Many large corporations have been investing large sums of money in future wheel research and design.
One of the big challenges for the wheel (and transport in general) is the growth in global population, which is set to hit 10 billion people by 2050. As a result, more people will be traveling, and yet there will be less space to do so, particularly in urban environments.
Further innovation comes in the concept of a wheel that can move in 360 degrees. Presently, wheels have a more limited range of motion, meaning that maneuvering a vehicle can be tricky.
Companies are now actively testing technology that allows for lateral movement of wheels without the wheels themselves needing to change direction. It is expected that this will integrate with driverless cars to allow for more efficient route selection, particularly in busy urban environments.
Furthermore, the wheel may actually return to its simpler roots, as the development of a personalized wheel technology allows for individuals to have a vehicle that is little more than a wheel and a platform (like the ‘hoverboards’ that are now commercially available).
Ultimately, the wheel as an invention continuously gives humanity the ability to innovate. Unlike fire, which was likely a product of accident rather than design (at least at first), the wheel is the first invention that truly put humanity on a path to create a global civilization.
The ability to move heavy loads between different areas created the ability to trade, which in turn brought greater justification for acts of aggression like war and conquest, as well as acts of peace like diplomacy and cross-cultural understanding.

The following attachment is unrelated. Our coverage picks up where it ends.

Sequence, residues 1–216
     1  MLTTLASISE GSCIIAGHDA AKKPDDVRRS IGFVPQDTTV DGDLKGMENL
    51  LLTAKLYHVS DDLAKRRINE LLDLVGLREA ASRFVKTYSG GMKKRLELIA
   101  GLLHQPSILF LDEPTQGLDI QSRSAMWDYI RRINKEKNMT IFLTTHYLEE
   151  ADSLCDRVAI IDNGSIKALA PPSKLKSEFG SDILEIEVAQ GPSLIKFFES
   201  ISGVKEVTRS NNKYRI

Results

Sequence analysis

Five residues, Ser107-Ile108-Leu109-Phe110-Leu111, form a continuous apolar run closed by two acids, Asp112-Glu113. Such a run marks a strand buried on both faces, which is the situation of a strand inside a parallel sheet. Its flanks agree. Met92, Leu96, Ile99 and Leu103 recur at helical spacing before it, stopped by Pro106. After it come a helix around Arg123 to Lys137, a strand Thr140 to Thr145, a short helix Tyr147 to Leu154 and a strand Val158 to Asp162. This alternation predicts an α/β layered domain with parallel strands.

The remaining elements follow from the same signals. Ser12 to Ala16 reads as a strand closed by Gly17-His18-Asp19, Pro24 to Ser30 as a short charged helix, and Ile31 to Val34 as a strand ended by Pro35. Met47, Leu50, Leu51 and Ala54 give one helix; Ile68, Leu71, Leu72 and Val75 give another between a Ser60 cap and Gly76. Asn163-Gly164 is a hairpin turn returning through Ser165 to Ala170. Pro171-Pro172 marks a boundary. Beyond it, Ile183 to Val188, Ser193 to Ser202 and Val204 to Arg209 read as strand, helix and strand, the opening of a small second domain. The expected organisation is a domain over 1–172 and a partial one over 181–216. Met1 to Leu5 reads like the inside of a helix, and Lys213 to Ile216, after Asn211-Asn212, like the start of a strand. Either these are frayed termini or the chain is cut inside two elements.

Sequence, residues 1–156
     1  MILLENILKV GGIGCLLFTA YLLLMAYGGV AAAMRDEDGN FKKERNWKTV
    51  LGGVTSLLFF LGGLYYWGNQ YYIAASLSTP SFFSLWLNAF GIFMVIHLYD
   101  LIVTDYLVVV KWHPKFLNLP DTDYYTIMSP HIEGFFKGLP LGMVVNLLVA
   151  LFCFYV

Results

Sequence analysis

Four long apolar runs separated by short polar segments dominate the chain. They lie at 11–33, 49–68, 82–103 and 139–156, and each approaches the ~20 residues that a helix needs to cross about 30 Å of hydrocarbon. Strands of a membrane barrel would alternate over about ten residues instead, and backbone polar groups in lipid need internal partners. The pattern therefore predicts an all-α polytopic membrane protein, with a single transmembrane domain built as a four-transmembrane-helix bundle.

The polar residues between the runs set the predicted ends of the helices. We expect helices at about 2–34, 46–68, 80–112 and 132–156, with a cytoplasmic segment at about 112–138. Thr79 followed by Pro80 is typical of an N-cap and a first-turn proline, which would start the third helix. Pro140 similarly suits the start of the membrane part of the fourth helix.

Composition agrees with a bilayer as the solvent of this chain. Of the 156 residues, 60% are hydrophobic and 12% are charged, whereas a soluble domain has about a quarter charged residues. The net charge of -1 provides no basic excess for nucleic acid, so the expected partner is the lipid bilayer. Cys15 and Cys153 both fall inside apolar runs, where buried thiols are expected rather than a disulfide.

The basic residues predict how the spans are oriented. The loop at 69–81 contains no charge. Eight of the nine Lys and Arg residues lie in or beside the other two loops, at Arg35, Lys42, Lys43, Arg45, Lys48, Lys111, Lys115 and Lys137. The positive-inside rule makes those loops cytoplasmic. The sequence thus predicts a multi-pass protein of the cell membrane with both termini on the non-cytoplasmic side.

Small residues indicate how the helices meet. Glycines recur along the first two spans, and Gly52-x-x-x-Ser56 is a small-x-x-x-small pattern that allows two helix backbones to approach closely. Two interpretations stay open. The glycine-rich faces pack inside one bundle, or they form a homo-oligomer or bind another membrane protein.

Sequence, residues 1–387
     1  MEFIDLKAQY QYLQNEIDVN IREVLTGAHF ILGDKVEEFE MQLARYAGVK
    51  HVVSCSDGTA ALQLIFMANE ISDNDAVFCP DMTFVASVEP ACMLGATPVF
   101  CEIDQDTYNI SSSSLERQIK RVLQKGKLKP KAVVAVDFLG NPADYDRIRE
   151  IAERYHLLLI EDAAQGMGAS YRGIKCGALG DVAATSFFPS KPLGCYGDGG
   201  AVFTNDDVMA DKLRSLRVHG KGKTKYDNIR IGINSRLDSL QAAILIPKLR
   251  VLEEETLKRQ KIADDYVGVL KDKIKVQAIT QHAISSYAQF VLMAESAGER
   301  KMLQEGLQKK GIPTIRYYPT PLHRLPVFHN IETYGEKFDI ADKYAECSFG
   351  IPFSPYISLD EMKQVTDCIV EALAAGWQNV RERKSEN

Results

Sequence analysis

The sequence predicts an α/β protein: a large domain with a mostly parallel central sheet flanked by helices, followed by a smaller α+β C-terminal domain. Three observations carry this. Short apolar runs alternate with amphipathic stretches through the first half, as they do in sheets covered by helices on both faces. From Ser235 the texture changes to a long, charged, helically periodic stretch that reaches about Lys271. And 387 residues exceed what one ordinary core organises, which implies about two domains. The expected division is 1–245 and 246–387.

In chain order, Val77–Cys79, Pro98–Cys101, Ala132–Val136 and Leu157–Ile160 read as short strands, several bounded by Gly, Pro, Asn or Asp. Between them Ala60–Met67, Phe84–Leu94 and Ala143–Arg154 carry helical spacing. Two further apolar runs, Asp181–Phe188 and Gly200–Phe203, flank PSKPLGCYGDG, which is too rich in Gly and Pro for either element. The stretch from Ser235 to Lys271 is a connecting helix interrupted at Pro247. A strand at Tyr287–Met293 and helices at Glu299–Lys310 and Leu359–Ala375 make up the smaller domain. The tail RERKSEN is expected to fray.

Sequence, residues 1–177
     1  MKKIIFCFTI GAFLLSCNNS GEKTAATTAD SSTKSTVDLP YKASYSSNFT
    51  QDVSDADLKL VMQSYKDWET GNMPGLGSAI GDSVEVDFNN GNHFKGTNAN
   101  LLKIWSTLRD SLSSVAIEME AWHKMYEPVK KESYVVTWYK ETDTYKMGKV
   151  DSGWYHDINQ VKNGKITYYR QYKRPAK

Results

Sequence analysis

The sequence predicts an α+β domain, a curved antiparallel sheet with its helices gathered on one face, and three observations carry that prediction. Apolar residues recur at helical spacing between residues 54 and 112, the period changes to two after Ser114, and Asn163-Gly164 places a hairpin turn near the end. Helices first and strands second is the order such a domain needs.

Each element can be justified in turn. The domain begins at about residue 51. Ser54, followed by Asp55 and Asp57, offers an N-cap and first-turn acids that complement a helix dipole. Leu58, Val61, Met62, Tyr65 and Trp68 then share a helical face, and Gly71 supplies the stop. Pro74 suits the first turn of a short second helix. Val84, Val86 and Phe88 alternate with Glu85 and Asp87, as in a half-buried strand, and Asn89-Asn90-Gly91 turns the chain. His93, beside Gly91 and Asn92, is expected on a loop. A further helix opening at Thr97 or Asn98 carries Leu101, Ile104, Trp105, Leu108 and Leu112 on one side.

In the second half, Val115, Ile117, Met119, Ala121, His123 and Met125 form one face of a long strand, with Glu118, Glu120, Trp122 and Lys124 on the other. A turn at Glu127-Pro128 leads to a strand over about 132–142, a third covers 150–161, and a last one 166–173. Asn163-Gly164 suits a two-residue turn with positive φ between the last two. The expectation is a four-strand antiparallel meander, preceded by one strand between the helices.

Because the wheel is such a fundamental invention, it is impossible to conceive of a world without it. However, it is likely that humanity would be a very localized species, with people moving little between different villages and families.
Certainly, there would be no modern, globalized world, driven by international air travel, satellites facilitating communication, and the Internet providing instantaneous connectivity.
Therefore, as much as the wheel was a product of humanity, so humanity is a product of the wheel. The wheel was designed to save labor when it came to movement, allowing for increased efficiency of work.
This is the fundamental characteristic of humans that has driven us forward. The same features of the human mind that led to the invention of the wheel also drove us to the moon and the bottom of the ocean.
In a way, it’s fitting that the name of the inventor of the wheel is lost. Like the idea of an unknown soldier, the inventor of the wheel represents humanity’s desire for improvement and exploration. Their invention created the modern world and the species that drove it.